Premium consumers' shopping patterns changing

by Staff
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ROCKVILLE, MD. — Higher-income consumers are putting a new perspective on food products and restaurant services as they look for variety, elevated health and nutrition consciousness, stronger preferences for organic and natural foods, a heightened sense of ethical consumerism and a greater desire for Internet and coupon use, according to Packaged Facts, a market research firm.

"The economic turmoil that reached crisis level in fall 2008 has been a bull in the china shop of American consumer behavior, even for a market as fundamental as food," said David Sprinkle, author of the new report, ‘Premium consumers in a new economy: Food and food service.’ "Consumers who have been set back or thrust forward financially are more likely to be rethinking what they need, what they want, and how and where best to find it."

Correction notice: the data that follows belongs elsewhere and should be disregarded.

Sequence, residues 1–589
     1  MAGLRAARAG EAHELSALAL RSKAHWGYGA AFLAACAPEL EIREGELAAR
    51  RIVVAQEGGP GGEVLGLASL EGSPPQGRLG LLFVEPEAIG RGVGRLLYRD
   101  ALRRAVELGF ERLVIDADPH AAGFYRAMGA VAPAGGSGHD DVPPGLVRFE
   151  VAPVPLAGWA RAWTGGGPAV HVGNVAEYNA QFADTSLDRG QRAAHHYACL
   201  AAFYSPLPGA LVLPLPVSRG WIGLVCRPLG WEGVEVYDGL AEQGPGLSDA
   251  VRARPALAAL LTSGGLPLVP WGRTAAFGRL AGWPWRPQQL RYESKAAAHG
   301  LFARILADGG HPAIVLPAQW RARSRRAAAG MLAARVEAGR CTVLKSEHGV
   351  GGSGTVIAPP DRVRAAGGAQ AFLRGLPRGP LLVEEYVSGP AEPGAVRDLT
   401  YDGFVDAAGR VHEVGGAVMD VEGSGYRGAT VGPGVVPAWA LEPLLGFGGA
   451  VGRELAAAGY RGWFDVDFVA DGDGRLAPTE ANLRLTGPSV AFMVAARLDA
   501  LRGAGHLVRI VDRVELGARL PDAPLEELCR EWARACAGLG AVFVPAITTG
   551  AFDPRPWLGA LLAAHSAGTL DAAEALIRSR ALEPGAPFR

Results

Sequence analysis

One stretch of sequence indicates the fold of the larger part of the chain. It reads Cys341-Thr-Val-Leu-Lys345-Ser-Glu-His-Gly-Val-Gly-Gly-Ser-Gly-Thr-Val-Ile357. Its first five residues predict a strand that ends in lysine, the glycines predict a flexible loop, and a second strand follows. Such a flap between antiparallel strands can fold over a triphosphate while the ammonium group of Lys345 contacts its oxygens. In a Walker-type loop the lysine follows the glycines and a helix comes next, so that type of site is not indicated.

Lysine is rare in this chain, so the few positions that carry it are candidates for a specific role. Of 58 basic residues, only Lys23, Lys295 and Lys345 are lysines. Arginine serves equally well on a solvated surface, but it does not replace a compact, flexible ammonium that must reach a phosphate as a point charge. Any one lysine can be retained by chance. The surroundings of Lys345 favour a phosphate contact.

Premium consumers are changing their purchasing patterns, and such consumers who have suffered a financial setback often align in attitudes and behavior with those on the financial upswing.

Packaged Facts said the economic conditions are making the shopping landscape more even. Premium consumers are less likely than other consumers to shop at Wal-Mart Stores, Inc. outlets, but they are still shifting to Wal-Mart at above-average rates. Some segments of premium consumers such as Generation X are finding fast-food fits well with their lifestyles. In addition, premium consumers use coupons more, rather than less, than the rest of the population.

Packaged Facts defines premium consumers as the top 28% of adults.

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